When events coincide some call it happenstance, others say it is signs and wonders, while some say the stars are aligning. Reality is whatever name you choose to apply to the situation, when separate and distinct things occur either at the same time, it should always cause us to pause and wonder if a greater meaning is intended.
On Monday, September 12 the Barbados Meteorological Services issued a weather bulletin headlined: Heat Information Statement for Barbados. The statement read: “Very warm conditions in Barbados are expected to persist throughout the month of September and the greater part of October. Maximum temperatures across the island have been peaking between 32 degrees Celsius and 34 degrees Celsius, particularly in the urban areas, which is normal during this period.”
The Met office went on to outline key things that should be done in order to ensure good health and wellness during the extremely hot period.
Days later on Wednesday, September 14, the Ministry of Education granted a school uniform ease for those who have been unable to secure them due to the shortage on the island.
Minister of Education, Technological and Vocational Training Kay McConney said that following complaints about the unavailability of either pre-made uniforms or uniform fabric, uniform requirements would be adjusted for now.
“With sensitivity to your challenges in this circumstance, I wish to give some ease. The Ministry of Education, Technological and Vocational Training has decided to relax the regulations to our school uniform policy until September 30th, 2022, after which it will be reviewed.
“This means that if your child is unable to wear the full school uniform, new or re-used, from the first day of school on September 19th, he or she will be allowed to dress in a manner appropriate for school in a plain-coloured T-shirt or a plain-coloured polo shirt and a jeans pants. Note that this relaxation is for a limited time, until uniform fabrics are available,” the education minister said.
Minister McConney pointed to several factors in the supply chain that have contributed to the delay in uniform fabrics reaching Barbados, including the intermittent shutdown of several overseas factories where the fabric is made and the slow consolidation of shipments due to transportation challenges between multiple cities.
“Importers of uniform fabric, manufacturers of uniforms, and retailers have stated that there have been delays in the delivery of fabric to the island, which means that manufacturing has slowed down; available stock has been depleted so certain colours and sizes are unavailable; and dressmakers and tailors have been put under greater pressure to sew uniforms for which they cannot get the correct fabric to finish by next Monday,” she added.
Today, co-Managing Director of the Barbados Industries Limited Dean Straker, Managing Director of Woolworth Martin Bryan and Managing Director of Abeds Stores Eddie Abed speaking to the media confirmed the supply and shipping challenges they all face.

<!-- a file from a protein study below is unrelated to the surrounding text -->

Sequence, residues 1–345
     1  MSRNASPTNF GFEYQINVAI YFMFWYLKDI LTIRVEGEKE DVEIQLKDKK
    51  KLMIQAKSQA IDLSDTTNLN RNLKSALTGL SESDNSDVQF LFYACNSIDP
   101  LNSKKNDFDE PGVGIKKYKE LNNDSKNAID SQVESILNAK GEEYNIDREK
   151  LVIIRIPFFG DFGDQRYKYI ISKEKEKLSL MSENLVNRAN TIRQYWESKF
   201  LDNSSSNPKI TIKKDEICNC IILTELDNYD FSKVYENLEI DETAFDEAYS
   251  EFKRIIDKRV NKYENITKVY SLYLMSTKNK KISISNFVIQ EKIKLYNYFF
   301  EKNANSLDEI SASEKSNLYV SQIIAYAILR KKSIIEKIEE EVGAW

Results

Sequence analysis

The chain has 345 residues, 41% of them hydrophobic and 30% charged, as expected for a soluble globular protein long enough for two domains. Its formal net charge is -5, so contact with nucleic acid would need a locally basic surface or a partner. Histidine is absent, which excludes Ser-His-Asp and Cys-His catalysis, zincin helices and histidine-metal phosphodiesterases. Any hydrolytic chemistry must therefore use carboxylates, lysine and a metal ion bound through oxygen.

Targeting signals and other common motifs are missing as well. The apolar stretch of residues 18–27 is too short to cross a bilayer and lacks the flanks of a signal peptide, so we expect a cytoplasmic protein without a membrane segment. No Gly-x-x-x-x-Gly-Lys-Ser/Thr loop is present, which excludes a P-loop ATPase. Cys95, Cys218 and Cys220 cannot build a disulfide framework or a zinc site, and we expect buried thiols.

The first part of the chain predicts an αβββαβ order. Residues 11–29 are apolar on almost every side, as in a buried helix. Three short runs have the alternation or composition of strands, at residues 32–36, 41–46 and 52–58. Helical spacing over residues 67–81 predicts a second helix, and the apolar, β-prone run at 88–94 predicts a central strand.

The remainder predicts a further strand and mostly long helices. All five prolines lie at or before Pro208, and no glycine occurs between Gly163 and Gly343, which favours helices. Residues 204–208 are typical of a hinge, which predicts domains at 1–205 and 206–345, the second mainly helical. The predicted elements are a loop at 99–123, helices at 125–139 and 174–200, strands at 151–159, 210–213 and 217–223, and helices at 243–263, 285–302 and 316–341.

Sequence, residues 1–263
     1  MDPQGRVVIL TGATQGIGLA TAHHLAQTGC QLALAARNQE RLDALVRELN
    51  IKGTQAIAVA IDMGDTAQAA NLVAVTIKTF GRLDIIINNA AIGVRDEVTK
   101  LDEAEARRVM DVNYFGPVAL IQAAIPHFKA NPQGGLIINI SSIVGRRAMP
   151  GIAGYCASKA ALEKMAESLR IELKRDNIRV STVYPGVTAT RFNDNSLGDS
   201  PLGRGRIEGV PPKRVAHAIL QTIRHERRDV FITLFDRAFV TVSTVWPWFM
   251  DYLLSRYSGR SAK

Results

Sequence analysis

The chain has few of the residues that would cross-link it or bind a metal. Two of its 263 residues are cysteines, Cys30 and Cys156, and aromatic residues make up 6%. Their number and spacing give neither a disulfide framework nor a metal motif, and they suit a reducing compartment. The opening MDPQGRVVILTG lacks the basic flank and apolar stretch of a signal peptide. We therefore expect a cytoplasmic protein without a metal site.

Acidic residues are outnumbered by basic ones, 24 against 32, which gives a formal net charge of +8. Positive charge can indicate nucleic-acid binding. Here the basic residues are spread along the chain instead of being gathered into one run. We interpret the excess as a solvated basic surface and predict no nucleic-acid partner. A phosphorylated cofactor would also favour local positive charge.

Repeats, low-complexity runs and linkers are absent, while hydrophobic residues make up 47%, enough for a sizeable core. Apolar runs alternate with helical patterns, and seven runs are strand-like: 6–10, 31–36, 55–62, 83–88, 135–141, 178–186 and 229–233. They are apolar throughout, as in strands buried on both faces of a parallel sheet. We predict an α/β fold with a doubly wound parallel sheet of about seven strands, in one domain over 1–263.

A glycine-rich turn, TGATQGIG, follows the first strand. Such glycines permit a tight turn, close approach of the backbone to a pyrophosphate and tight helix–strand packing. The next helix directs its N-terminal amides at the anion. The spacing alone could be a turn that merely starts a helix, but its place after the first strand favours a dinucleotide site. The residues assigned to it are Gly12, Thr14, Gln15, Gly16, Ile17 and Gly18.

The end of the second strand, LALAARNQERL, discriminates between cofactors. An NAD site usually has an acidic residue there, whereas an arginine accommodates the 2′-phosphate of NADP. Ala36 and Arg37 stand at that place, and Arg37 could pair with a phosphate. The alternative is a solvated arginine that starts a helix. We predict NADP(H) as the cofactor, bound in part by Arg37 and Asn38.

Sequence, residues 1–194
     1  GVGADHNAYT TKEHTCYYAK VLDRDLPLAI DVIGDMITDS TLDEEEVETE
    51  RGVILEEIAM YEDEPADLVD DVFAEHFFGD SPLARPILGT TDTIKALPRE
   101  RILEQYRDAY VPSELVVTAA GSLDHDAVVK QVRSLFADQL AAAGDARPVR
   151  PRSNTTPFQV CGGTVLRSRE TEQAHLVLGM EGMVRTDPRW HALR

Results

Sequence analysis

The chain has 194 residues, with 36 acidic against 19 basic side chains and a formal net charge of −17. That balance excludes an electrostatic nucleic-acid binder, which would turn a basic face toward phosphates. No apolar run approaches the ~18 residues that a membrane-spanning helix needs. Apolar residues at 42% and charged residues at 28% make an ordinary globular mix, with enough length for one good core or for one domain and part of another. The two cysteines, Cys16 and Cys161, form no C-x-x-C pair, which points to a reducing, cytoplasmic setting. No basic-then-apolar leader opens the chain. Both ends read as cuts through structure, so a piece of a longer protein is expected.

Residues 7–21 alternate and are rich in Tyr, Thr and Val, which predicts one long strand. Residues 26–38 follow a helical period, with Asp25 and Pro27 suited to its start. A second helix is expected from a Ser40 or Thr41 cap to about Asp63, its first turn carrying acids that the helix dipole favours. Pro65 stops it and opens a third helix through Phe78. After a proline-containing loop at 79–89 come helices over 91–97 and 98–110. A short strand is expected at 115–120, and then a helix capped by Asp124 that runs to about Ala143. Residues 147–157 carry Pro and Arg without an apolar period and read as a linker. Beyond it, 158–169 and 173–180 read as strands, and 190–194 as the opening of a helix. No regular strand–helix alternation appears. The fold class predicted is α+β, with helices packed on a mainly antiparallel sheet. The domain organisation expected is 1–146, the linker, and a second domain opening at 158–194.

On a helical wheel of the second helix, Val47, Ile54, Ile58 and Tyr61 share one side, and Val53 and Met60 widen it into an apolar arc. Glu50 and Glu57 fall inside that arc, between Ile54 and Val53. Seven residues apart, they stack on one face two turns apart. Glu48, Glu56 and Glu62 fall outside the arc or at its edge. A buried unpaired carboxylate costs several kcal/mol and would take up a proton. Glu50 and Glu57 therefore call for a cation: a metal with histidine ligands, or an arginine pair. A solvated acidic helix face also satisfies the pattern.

And while many students will not experience that tradition of being decked out in back-to-school’s finest, especially for those entering nursery, primary or secondary school for the first time, some can count themselves lucky this toss.
With temperatures peaking between 32 degrees Celsius and 34 degrees Celsius daily, the option of a polo shirt and jeans seems way more palatable and practical than an inside shirt, ties, overalls, shoes and socks.
Truth is that many of our uniform designs are not easy to wear from 7:30 a.m./8 a.m. to 2 p.m./3 p.m. when we record “normal” temperatures furthermore in extremely hot conditions.
Having graduates from schools across Barbados working in our newsroom, we are acutely aware of the history and sentimentality that the tradition of wearing uniforms carries. We know too well of the school cultures and the “ties” that bind, making many of us proud of the institution in which we were once enrolled.
However, we are also cognisant that the times we are in are ever-changing. Every opportunity that presents itself, our Prime Minister Mia Amor Mottley speaks about climate change and its adverse effects on Caribbean countries. Weather patterns are changing and will continue to change.
The summers are becoming hotter and hotter with each passing year. Nighttime, which usually provides an ease from the sun, is becoming more and more humid. And traditionally cold months are now warm.
Added to this the reality of the economic challenge for many remains and is now compounded in a COVID-19 environment.
Recently, Barbados TODAY reported comments made by a mother of two who received a much-needed donation from the Eden Lodge Youth Charitable Trust.
“I want to say thank you to the Eden Lodge Youth Charitable Trust. These school uniforms will go a long way. It’s difficult for a lot of parents like myself during these times…after the pandemic a lot of people are unemployed and there are a lot of single mothers out there like myself so it’s very difficult,” she said, adding it could cost her $1000.00 or more to be able to afford books, shoes and uniforms.
“I can’t do like the rest and go into town and shop. I buy uniforms piece by piece … so yes [I’m very grateful,” the mother said.
Maybe it is time to have public discourse about a revised Uniform Policy. Maybe the wearing of uniforms can be a blended approach as was teaching. Traditional uniforms can be worn three days and the school-branded polos the other two days.
Whatever the outcome, we believe it is a discussion worth having if not now, sometime in the not-so-distant future.